Twelve months earlier, Lincoln had spoiled Napa’s perfect 1987 season when it entered Napa Memorial Stadium and beat the 10-0 Indians 24-15. The following season, Napa limped into the postseason with two straight losses only to score two eye-opening postseason wins.
In that 38-year time frame, the Indians won or shared the MEL title 14 times. Here is a thumbnail sketch for the aforementioned coaches:
— Under Franco, Napa went 76-39-6 with four MEL titles, a CIF SJS championship game appearance in 1981, five playoff appearances and six playoff wins. Napa also went 10-0 twice (1982 and 1987) and 8-0-2 in the 1981 regular season. From the regular season finale in 1986 to 1988, the Indians had 19 consecutive regular-season wins.
— Under Herlocker, the Indians went 47-26-1 with three MEL titles, two playoff appearances and an SJS runner-up finish in 1994. Herlocker’s record was deflated by an injury plagued 1-9 season in 1992. The 1991 season was a hard-luck campaign because Napa went 7-2 overall and 4-2 in MEL. The Indians finished in a four-way tie with Vallejo, Fairfield and Hogan but missed the playoffs based on tiebreakers. From 1994-1996, Napa won 23 consecutive regular-season games.
— Under Dunlap, there were valleys in the early going with four consecutive losing seasons (1998-2001) but thereafter were four straight playoff appearances and MEL titles, solo or shared. The Indians reached the SJS Div. I semifinals in 2003 and went 51-37-5 in Dunlap’s tenure.
— Under Mott, Napa had machine-like success in going 94-35, becoming the program’s all-time leader in coaching wins. Under his watch, Napa never missed the playoffs, it won or shared four MEL titles, it won the SJS Div. I title in 2007, and it claimed nine playoff wins.
Franco graduated from Napa in 1962 and later from the University of San Francisco. He was an assistant at Napa High from 1969-1971 and became a vital assistant at Vintage when the school opened in 1972 for seven years under the revered Burl Autry. Franco applied for the position in 1972 before the job went to Keith Orr. When Orr was relieved of his duties as football head coach after a 40-24-3 career, the Indians hired Franco.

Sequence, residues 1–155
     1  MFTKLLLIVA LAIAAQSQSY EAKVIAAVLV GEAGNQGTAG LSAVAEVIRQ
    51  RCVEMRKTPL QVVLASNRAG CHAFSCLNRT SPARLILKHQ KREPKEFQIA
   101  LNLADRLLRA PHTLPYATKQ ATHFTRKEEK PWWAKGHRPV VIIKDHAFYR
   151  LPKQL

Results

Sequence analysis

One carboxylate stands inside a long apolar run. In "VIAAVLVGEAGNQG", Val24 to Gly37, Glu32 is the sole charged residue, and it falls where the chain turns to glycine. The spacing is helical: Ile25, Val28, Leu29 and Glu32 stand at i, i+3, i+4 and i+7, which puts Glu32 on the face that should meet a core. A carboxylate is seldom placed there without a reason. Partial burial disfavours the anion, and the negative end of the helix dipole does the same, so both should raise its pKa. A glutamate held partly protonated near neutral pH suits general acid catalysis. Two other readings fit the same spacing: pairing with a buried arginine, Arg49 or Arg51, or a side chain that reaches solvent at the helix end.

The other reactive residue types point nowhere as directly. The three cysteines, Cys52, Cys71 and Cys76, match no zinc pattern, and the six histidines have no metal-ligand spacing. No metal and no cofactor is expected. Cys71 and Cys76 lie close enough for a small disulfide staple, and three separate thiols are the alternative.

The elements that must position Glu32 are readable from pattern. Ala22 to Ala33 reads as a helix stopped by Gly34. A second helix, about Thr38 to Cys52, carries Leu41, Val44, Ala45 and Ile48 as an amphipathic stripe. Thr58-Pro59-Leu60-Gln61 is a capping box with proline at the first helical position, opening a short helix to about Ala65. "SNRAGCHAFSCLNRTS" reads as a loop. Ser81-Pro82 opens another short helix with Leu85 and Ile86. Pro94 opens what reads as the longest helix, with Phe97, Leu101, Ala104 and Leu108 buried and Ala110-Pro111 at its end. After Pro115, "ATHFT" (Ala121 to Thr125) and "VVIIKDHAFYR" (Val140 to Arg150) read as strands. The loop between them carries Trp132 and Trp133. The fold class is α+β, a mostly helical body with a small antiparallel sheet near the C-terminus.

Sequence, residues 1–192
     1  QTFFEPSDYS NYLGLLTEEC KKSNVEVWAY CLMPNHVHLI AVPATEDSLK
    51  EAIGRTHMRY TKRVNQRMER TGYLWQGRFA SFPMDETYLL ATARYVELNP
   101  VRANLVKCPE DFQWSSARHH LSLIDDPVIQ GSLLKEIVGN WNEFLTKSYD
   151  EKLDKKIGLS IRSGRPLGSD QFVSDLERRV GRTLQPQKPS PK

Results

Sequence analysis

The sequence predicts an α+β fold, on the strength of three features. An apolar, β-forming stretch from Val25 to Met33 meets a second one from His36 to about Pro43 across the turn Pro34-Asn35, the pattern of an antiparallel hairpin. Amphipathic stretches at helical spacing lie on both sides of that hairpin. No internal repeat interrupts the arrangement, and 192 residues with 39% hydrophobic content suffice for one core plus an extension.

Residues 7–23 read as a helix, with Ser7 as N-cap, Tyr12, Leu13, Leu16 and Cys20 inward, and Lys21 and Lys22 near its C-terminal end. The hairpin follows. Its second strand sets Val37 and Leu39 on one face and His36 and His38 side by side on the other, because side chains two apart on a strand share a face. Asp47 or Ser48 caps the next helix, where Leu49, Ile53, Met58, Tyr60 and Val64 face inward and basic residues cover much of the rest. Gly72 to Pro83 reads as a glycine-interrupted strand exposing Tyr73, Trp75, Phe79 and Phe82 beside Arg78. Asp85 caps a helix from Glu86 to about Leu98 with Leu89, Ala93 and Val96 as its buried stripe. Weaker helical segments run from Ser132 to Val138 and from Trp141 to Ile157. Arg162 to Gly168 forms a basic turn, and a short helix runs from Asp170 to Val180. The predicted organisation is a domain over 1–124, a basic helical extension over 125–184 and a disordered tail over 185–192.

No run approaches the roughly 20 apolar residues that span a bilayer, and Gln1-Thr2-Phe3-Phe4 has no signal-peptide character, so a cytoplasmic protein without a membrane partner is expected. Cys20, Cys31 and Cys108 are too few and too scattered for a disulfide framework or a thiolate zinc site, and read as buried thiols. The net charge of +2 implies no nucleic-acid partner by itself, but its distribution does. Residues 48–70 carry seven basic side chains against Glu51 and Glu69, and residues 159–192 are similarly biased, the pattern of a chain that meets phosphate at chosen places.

The rest, as they say, is history.
The common denominator in the 38-year span was that the transition went to a fellow assistant coach that was already on staff. For instance, Herlocker was on Franco’s staff. Dunlap was Herlocker’s JV coach. Mott, who was a three-sport star with the Indians and later played quarterback at Nebraska’s Wayne State University, was Dunlap’s JV head coach and later offensive coordinator. Herlocker and Dunlap became assistants under Mott.
The new coach may have had a different leadership style in each case, but the identity of the program largely stayed the same; most of the assistant coaches remained and the schemes might have deviated some but not to a point of wholesale changes. Most importantly, expectations never changed.
I had the opportunity to talk with former Indians players during those years, on and off the record, and asked the fairly innocuous question “What made the identity of the program?”
The prevailing answer I received was that Napa High football stood for something. The program’s hallmark was about being more physical and better conditioned, even if you did not have better athletes. The team-first culture prepared the next generation. Translation: win or lose, Napa played with a hard edge. You might beat the Indians because of a talent advantage, but strength and conditioning and playing with a hard edge was how they won in the margins.
Former NFL defensive end Hugh Douglass, who played for the Philadelphia Eagles and Jacksonville Jaguars, once described his Eagle teams as “all day suckers,” with the underlying message being, “Suckers, we’re going to be here all day.” The same could be said about those Indians teams.
A few Napa High football players have gone on to play on Saturdays and Sundays, such as Steve Hendrickson, Ed Blanton, Mike Gibson and Boyett. For the most part, however, Napa football was heavily compromised of getting mid-level kids to buy into the team-first concept.
The feeling I got from watching Napa those 38 years was this: If someone landed in the Napa Valley from Mars and watched a game, no matter what Napa or Indians reference you took off the uniform, they could tell they were watching Napa High football.